The coronavirus, though, is known to infect other animals. This could allow the virus to re-emerge to infect people. More research on this possibility is needed.

However, the novel coronavirus has shown that it is capable of generating new variants through mutations. These mutations are more likely to occur when the virus is spreading rapidly, as it is in many parts of the United States right now.

Based on these factors, the researchers put the eradicability of COVID-19 as similar to polio, but much harder than smallpox.

Given the current state of the pandemic — with many countries struggling to vaccinate their high-risk citizens even as wealthy countries roll out booster doses — some experts doubt that SARS-CoV-2 will be gone any time soon.

“Eradication of SARS-CoV-2, like the world did with smallpox, is not a realistic goal for the world at this time,” said Dr. Tom Kenyon, chief health officer at Project HOPE and former director of global health at the Centers for Disease Control and Prevention.

“But that could change as coverage with vaccination improves,” he added.

Dr. Jon Andrus, an adjunct professor of global health at George Washington University, was “pleasantly surprised” that the authors of the BMJ Global Health commentary raised the issue of COVID-19 eradication.

However, “there are enormous challenges,” he said, pointing out that the eradication of polio is over 20 years past its original deadline.

Before even considering eradication of COVID-19 as a goal, certain resources would need to be in place.

“You really need the political commitment and funding upfront — and in this case, it’s not only global, but also regional and national,” said Andrus, who has worked on eradication and elimination programs for polio, measles, and rubella.

A more doable short-term goal might be vaccinating high-risk people in all countries first and then expanding vaccine access to other segments of the population.

“The biggest challenges that remain include achieving high [global] vaccine coverage,” said Kenyon, “and responding to new variants that could bypass our immune response to COVID-19.”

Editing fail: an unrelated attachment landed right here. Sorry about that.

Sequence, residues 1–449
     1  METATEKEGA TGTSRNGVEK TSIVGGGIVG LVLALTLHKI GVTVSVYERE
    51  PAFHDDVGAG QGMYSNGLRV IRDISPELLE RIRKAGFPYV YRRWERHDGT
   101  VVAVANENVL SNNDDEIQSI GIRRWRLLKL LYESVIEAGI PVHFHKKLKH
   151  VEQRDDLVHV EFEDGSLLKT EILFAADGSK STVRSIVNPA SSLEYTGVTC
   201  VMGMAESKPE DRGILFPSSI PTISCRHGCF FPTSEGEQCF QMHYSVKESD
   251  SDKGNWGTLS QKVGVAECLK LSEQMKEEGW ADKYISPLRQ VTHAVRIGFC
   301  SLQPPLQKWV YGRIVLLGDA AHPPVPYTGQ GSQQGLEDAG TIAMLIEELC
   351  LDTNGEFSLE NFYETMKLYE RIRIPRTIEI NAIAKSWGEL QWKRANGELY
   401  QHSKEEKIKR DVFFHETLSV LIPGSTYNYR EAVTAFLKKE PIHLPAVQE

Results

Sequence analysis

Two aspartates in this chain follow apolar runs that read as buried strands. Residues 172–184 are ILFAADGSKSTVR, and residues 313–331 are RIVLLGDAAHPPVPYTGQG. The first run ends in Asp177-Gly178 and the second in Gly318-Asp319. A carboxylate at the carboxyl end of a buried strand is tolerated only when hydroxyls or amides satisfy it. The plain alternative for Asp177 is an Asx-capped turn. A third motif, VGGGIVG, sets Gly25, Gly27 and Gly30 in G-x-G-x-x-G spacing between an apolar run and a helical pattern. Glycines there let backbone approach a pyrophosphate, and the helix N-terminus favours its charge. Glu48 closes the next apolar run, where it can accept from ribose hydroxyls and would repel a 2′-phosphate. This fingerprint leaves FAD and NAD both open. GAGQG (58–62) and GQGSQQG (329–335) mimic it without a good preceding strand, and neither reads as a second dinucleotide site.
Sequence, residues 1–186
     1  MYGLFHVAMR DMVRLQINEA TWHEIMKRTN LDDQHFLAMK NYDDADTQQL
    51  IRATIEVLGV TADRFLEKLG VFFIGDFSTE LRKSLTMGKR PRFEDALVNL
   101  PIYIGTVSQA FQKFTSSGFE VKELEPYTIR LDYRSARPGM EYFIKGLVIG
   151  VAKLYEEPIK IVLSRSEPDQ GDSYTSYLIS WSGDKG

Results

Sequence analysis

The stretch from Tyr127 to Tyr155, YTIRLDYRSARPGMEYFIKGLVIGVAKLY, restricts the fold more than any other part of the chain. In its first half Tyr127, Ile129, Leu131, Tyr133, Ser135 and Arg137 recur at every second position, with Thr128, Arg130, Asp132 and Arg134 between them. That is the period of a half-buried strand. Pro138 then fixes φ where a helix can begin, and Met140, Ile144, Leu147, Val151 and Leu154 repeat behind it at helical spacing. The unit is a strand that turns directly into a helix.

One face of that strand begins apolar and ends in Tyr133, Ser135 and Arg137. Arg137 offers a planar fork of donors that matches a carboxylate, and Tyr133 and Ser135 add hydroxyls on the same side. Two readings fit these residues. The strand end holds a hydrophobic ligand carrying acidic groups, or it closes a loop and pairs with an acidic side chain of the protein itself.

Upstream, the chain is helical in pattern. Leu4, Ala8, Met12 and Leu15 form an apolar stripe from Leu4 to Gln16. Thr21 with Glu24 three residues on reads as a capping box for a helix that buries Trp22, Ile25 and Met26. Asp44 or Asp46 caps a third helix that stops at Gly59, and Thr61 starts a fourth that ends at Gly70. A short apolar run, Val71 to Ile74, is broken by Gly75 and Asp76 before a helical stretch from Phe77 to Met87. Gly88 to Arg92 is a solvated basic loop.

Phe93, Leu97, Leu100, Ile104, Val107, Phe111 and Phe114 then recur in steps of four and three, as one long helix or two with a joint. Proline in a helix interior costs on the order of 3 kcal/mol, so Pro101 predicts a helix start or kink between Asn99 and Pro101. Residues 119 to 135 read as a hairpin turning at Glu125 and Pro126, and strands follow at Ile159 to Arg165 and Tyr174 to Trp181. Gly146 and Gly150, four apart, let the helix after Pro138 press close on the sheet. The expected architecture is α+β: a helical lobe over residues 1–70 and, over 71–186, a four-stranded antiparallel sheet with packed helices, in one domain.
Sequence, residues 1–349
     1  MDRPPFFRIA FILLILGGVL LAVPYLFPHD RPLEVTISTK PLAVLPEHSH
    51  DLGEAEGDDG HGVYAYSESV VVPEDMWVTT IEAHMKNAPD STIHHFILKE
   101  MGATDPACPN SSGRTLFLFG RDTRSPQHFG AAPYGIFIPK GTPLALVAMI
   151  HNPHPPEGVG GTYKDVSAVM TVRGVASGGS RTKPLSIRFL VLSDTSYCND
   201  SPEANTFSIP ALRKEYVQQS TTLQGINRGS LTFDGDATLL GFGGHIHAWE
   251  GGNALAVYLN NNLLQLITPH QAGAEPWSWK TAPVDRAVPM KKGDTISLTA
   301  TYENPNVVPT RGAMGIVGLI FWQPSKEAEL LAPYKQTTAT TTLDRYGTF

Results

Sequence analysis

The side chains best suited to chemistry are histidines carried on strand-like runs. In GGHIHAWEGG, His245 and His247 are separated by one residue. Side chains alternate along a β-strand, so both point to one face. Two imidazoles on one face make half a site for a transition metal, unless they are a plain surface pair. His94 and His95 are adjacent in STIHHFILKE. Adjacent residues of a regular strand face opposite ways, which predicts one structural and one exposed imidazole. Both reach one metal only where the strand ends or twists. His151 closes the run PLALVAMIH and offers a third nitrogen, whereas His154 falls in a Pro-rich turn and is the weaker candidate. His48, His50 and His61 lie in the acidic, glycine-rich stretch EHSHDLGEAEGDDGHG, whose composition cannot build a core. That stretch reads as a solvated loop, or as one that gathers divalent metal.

There are other challenges, he said, such as the high costs of eradication or control programs, and the need to move from “vaccine nationalism” to strong cooperation among countries.

In addition, more funding is needed on possible animal reservoirs of the coronavirus, he said.

One only has to look as far as the United States to see how challenging it would be to eradicate COVID-19 globally.

Andrus says sometimes several countries in a region are able to work closely together on a common public health goal, as he has seen with measles elimination in Southeast Asia.

But the United States struggles to find that level of cooperation even within states.

“In certain states — Tennessee, Texas — you may be sitting in one county with a policy that would support physical distancing,” he said, “but you may be right next to another county or town where it’s completely opposite.”

“That’s why it comes back to political commitment again — in all forms and at all levels. And we don’t have that [in the United States].”

The challenges faced by other eradication programs also provides insight into how difficult it might be with COVID-19.

Measles eradication has suffered setbacks in recent years. Andrus says we’re also likely to see large measles outbreaks due to disruptions of measles vaccination programs during the pandemic.

But governments, public health agencies, and others have laid much groundwork to achieve the goal of measles eradication, such as building public health infrastructure and strengthening cooperation among countries.

Many of these resources and international commitments could be extended toward eradicating COVID-19 or toward reaching other public health goals.

“Eradication is a way of reaching everyone,” said Andrus. “By its very nature, eradication addresses equity.”